A. Yes you can – but you should first use the full name or title you intend to abbreviate. For example, it is perfectly acceptable to write “Chinese Communist Party (CCP)” first, followed by “CCP” thereafter. This demonstrates your understanding of the abbreviation.
Q. Do you lose marks for spelling mistakes?
A. The assessors are reasonably forgiving about spelling errors, particularly when using foreign language names or terms. You should not be penalised for misspelling difficult foreign language words or names such as “Dzerzhinsky” or “Okhrana”. Jumbling the vowels in “bourgeoisie” is another common problem. The exam is not a spelling test so assessors generally overlook these errors. Misspelling more common or simple names – like Lenin as “Lennon” or Marx as “Marks” – is a bigger problem because it suggests gaps in knowledge. Try to spell words and names correctly but do not panic or stress unduly about really difficult ones.
Q. Do I need to know dates? Will I lose marks for getting them wrong?
A. As with spelling, some common sense applies here. Dates are specific knowledge and stronger answers will include them. As a rule of thumb, knowing the month and year is enough for the vast majority of events – for example, “the Boston Tea Party of December 1773” or “the Kornilov Revolt (August 1917)”. It is not necessary to know the exact calendar date of every notable event, so memorising them is not essential. You should only be penalised for getting important dates wildly wrong, like writing that the Bolshevik Revolution occurred in 1918.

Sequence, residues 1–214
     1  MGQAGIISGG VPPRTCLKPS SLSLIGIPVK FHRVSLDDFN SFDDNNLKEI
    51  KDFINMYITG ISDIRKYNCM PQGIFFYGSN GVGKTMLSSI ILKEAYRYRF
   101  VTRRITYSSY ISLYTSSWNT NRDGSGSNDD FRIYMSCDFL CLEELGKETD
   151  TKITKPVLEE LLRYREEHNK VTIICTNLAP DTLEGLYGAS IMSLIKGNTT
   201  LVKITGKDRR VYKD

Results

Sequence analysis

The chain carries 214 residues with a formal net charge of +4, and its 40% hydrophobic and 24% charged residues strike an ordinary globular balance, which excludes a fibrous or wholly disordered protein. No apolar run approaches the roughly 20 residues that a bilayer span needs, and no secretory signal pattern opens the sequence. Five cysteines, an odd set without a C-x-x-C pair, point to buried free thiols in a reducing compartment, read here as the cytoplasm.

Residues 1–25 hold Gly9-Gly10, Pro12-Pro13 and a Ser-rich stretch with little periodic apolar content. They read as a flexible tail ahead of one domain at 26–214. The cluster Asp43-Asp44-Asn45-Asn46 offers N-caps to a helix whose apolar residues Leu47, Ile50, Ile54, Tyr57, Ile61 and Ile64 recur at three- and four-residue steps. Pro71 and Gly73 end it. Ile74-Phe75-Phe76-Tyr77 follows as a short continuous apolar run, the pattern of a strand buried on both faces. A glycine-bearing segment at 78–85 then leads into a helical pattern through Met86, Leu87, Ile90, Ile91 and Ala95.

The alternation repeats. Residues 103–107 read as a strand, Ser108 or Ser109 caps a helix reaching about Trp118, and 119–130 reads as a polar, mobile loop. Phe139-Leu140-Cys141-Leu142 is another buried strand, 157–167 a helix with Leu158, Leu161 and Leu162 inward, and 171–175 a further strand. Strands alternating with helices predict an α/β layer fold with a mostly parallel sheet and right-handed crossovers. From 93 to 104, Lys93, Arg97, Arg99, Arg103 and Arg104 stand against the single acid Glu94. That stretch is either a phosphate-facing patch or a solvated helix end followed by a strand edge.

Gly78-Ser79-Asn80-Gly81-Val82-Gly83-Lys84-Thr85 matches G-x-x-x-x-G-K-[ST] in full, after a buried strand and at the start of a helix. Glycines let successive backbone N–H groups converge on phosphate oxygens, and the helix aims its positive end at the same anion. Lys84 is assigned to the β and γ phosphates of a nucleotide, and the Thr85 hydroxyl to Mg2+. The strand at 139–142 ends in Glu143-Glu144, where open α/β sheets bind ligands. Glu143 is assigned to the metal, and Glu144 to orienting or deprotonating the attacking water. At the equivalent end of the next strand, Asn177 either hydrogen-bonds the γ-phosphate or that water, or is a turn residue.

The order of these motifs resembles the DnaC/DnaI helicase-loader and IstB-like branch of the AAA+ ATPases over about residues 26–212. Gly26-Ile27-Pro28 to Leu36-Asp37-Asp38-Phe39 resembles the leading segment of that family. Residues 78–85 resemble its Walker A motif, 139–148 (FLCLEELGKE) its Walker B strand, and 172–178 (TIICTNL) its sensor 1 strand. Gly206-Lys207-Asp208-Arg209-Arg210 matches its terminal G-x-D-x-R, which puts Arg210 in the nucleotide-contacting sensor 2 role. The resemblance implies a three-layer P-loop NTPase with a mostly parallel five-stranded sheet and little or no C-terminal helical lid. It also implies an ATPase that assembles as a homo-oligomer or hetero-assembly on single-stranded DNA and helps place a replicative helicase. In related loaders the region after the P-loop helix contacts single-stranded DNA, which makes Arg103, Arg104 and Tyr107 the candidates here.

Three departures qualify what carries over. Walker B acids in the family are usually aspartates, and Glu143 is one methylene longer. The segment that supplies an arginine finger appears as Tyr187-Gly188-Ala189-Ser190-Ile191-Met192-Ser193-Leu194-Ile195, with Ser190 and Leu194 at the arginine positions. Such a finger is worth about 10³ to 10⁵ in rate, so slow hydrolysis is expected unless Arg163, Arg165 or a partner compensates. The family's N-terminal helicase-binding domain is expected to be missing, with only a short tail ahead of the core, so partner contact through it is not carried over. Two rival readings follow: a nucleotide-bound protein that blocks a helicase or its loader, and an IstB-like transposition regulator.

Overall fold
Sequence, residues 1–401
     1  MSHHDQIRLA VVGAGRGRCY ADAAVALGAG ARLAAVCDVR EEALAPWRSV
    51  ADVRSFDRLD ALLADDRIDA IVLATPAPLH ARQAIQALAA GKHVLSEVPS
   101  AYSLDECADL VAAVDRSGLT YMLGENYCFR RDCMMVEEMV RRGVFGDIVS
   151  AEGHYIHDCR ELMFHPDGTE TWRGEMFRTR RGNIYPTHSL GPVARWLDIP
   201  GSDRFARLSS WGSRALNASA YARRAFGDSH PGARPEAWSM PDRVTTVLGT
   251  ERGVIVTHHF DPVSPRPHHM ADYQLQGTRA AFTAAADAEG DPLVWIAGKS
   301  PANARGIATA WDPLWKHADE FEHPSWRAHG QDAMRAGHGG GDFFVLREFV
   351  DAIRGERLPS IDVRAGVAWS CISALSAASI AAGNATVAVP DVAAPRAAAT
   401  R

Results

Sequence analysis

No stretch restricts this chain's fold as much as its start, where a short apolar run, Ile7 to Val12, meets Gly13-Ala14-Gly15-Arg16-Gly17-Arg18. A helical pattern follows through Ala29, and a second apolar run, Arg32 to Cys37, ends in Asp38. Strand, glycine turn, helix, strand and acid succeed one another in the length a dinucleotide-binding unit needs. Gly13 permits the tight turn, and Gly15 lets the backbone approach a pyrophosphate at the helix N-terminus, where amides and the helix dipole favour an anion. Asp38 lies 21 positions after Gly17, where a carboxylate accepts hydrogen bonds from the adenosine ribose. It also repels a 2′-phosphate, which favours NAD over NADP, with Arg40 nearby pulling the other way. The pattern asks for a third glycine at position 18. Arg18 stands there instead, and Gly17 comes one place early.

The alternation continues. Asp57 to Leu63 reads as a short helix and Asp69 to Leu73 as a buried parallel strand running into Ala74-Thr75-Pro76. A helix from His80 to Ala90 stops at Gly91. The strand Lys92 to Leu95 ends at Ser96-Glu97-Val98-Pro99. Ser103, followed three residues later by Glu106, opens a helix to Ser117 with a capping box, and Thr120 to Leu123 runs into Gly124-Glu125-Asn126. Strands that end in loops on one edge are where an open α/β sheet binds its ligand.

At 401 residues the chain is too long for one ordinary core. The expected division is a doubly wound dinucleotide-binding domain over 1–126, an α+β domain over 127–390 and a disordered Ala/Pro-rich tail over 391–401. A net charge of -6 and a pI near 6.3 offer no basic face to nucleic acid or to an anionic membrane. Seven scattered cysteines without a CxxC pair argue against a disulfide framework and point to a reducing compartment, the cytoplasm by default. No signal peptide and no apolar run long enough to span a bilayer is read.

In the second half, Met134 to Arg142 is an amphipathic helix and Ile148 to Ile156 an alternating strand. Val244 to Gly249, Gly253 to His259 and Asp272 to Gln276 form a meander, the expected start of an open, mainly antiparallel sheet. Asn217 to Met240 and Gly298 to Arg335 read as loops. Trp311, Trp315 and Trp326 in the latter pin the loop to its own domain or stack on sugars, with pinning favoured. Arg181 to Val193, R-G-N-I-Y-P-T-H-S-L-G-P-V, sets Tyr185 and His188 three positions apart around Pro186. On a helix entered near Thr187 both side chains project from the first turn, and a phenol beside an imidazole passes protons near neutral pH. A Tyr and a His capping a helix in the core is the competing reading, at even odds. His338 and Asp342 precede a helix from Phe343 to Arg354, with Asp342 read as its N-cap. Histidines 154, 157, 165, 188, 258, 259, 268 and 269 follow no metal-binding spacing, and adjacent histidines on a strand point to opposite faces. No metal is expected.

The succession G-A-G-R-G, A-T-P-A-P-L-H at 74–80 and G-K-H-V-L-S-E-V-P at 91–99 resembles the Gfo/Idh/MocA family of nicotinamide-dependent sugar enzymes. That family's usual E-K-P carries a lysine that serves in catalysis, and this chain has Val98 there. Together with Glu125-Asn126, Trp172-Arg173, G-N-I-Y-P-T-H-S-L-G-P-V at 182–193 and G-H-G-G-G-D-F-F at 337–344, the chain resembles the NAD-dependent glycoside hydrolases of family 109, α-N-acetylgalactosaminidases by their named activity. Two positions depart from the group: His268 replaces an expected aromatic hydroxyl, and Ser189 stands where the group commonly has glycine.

Q. If a question asks about events between particular years, do I include events in that year?
A. Many questions ask about events or conditions in a particular timeframe – for example, “Explain the effect this had on the revolution in France between 1774 and 1789”. These dates are inclusive, which means you can include events in the years 1774 and 1789. Always be mindful of staying within the relevant Area of Study.
Q. What happens if I write outside or over the space?
A. All students write in a special answer booklet, which is formatted for electronic scanning, marking and storage. This answer booklet contains a shaded border; you are not permitted to write in this area. The answer booklets also contain ‘overflow’ pages for students who require more space than that allocated. You can also request an additional answer booklet. If you use the overflow space or an additional booklet, the assessors will still read and mark your writing. You will not be penalised for using this additional space – provided your writing remains relevant, focused and does ramble or repeat itself.